Publication date: October 2017 Source:Neurochemistry International, Volume 109 Author(s): Zoi Erpapazoglou, François Mouton-Liger, Olga Corti Over the last years, contact sites between the endoplasmic reticulum (ER) and mitochondria have attracted great attention in the study of cell homeostasis and dysfunction, especially in the context of neurodegenerative disorders. This is largely due to the critical involvement of this subcellular compartment in a plethora of vital cellular functions: Ca2+ homeostasis, mitochondrial dynamics, transport, bioenergetics and turnover, ER stress, apoptotic signaling and inflammatio...
Source: Neurochemistry International - October 11, 2017 Category: Neuroscience Source Type: research

Control of mitochondrial physiology and cell death by the Bcl-2 family proteins Bax and Bok
Publication date: October 2017 Source:Neurochemistry International, Volume 109 Author(s): Beatrice D'Orsi, Julia Mateyka, Jochen H.M. Prehn Neuronal cell death is often triggered by events that involve intracellular increases in Ca2+. Under resting conditions, the intracellular Ca2+ concentration is tightly controlled by a number of extrusion and sequestering mechanisms involving the plasma membrane, mitochondria, and ER. These mechanisms act to prevent a disruption of neuronal ion homeostasis. As these processes require ATP, excessive Ca2+ overloading may cause energy depletion, mitochondrial dysfunction, and may eventua...
Source: Neurochemistry International - October 11, 2017 Category: Neuroscience Source Type: research

Connecting mitochondrial dynamics and life-or-death events via Bcl-2 family proteins
Publication date: October 2017 Source:Neurochemistry International, Volume 109 Author(s): Abdel Aouacheria, Stephen Baghdiguian, Heather M. Lamb, Jason D. Huska, Fernando J. Pineda, J. Marie Hardwick The morphology of a population of mitochondria is the result of several interacting dynamical phenomena, including fission, fusion, movement, elimination and biogenesis. Each of these phenomena is controlled by underlying molecular machinery, and when defective can cause disease. New understanding of the relationships between form and function of mitochondria in health and disease is beginning to be unraveled on several front...
Source: Neurochemistry International - October 11, 2017 Category: Neuroscience Source Type: research

Mitochondrial mechanisms of neuronal rescue by F-68, a hydrophilic Pluronic block co-polymer, following acute substrate deprivation
Publication date: October 2017 Source:Neurochemistry International, Volume 109 Author(s): Janice C. Wang, Vytautas P. Bindokas, Matthew Skinner, Todd Emrick, Jeremy D. Marks Global brain ischemia can lead to widespread neuronal death and poor neurologic outcomes in patients. Despite detailed understanding of the cellular and molecular mechanisms mediating neuronal death following focal and global brain hypoxia-ischemia, treatments to reduce ischemia-induced brain injury remain elusive. One pathway central to neuronal death following global brain ischemia is mitochondrial dysfunction, one consequence of which is the cascad...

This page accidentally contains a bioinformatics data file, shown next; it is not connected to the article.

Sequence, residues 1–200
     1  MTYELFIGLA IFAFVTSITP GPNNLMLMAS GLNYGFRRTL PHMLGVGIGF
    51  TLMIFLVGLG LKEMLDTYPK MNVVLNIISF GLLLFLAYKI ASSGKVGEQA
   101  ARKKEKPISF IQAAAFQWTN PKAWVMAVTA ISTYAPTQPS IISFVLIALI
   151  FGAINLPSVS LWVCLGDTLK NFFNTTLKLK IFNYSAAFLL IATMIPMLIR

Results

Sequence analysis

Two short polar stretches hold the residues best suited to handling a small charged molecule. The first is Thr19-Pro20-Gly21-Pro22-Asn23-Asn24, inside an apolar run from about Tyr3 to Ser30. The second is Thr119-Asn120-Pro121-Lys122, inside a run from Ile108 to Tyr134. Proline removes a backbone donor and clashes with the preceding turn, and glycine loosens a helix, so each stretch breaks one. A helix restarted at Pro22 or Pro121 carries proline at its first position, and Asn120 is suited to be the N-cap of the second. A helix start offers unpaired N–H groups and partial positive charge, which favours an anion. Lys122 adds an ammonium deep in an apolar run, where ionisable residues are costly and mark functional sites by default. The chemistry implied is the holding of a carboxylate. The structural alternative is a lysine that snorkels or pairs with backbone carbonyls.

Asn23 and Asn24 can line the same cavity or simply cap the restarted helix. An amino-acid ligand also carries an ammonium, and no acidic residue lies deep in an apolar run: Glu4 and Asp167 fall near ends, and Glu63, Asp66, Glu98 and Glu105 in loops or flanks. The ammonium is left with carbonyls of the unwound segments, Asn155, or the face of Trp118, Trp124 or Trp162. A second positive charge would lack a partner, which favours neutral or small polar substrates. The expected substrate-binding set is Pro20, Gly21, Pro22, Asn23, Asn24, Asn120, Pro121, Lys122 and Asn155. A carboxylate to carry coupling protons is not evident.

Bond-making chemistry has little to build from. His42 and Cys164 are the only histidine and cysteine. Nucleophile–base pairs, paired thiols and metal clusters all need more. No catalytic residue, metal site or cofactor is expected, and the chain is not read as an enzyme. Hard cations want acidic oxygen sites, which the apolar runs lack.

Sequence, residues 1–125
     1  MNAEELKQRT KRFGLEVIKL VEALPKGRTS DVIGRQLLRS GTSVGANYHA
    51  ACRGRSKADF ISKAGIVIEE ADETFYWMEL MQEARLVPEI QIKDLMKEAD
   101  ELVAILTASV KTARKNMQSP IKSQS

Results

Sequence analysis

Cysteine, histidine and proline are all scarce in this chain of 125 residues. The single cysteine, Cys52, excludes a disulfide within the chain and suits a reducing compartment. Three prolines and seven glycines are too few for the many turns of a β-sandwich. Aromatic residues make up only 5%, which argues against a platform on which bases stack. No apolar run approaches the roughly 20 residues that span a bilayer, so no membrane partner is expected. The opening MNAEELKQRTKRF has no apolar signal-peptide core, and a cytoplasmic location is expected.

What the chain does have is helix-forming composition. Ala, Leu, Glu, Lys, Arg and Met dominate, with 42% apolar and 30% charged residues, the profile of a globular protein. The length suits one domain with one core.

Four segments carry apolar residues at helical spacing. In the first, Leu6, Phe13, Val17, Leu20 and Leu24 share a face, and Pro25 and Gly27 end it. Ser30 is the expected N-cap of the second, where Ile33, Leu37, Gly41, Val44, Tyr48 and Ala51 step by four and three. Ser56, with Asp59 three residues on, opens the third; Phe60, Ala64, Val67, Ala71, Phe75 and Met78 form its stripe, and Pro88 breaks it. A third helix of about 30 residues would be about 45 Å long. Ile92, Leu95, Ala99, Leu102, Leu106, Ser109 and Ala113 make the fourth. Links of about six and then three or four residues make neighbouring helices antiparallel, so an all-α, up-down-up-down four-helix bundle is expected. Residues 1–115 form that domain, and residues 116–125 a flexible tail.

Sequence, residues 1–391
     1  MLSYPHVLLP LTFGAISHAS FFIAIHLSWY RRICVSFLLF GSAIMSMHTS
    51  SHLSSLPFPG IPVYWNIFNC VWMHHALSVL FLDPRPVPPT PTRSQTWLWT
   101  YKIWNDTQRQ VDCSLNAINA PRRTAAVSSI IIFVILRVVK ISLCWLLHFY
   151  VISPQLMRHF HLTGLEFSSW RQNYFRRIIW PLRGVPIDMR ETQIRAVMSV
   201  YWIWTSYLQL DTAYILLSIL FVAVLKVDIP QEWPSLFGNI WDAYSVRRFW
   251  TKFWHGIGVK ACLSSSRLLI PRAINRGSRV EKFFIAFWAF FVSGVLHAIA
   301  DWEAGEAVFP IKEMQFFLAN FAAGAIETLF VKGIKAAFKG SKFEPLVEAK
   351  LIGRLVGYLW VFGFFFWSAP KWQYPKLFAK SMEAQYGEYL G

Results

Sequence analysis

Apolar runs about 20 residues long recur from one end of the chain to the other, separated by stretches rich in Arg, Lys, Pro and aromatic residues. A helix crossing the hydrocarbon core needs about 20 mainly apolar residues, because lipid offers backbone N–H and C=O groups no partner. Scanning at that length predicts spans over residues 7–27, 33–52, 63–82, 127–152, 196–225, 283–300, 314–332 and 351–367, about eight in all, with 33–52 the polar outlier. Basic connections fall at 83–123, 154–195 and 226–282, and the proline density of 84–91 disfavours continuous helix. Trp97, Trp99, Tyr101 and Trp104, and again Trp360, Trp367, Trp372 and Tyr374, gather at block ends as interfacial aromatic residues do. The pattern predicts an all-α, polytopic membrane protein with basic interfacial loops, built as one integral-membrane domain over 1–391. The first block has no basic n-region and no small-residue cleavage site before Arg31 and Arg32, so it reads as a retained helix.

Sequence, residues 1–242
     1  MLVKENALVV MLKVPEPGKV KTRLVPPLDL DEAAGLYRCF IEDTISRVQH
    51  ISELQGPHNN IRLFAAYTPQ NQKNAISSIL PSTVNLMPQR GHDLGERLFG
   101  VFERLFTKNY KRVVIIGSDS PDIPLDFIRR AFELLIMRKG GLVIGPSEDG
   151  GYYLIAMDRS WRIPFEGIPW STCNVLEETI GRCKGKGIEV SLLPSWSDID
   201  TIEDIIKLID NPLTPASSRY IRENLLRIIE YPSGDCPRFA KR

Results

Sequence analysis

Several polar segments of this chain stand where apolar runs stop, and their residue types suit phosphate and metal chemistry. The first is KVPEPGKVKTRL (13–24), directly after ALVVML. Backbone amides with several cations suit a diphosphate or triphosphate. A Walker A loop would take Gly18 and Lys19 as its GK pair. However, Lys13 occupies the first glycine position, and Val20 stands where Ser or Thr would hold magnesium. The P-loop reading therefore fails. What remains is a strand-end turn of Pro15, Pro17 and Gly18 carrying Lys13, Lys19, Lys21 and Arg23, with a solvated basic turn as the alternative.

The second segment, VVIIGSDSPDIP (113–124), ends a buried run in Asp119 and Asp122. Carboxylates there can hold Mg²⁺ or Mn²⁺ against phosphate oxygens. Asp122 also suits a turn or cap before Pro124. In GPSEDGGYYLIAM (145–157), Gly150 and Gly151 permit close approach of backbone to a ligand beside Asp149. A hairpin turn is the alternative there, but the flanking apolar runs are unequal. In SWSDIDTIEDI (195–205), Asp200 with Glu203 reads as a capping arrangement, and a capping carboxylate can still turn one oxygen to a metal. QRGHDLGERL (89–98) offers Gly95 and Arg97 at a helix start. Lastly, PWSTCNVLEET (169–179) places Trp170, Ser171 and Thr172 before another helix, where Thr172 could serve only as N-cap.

Source: Neurochemistry International - October 11, 2017 Category: Neuroscience Source Type: research

Targeting mitochondrial dysfunction in CNS injury using Methylene Blue; still a magic bullet?
Publication date: October 2017 Source:Neurochemistry International, Volume 109 Author(s): Hemendra J. Vekaria, Lora Talley Watts, Ai-Ling Lin, Patrick G. Sullivan Complex, multi-factorial secondary injury cascades are initiated following traumatic brain injury, which makes this a difficult disease to treat. The secondary injury cascades following the primary mechanical tissue damage, are likely where effective therapeutic interventions may be targeted. One promising therapeutic target following brain injury are mitochondria. Mitochondria are complex organelles found within the cell, which act as powerhouses within all cel...
Source: Neurochemistry International - October 11, 2017 Category: Neuroscience Source Type: research

Long-term oral kinetin does not protect against α-synuclein-induced neurodegeneration in rodent models of Parkinson's disease
Publication date: October 2017 Source:Neurochemistry International, Volume 109 Author(s): Adam L. Orr, Florentine U. Rutaganira, Daniel de Roulet, Eric J. Huang, Nicholas T. Hertz, Kevan M. Shokat, Ken Nakamura Mutations in the mitochondrial kinase PTEN-induced putative kinase 1 (PINK1) cause Parkinson's disease (PD), likely by disrupting PINK1's kinase activity. Although the mechanism(s) underlying how this loss of activity causes degeneration remains unclear, increasing PINK1 activity may therapeutically benefit some forms of PD. However, we must first learn whether restoring PINK1 function prevents degeneration in pati...
Source: Neurochemistry International - October 11, 2017 Category: Neuroscience Source Type: research

Mitochondrial respiratory chain disorganization in Parkinson's disease-relevant PINK1 and DJ1 mutants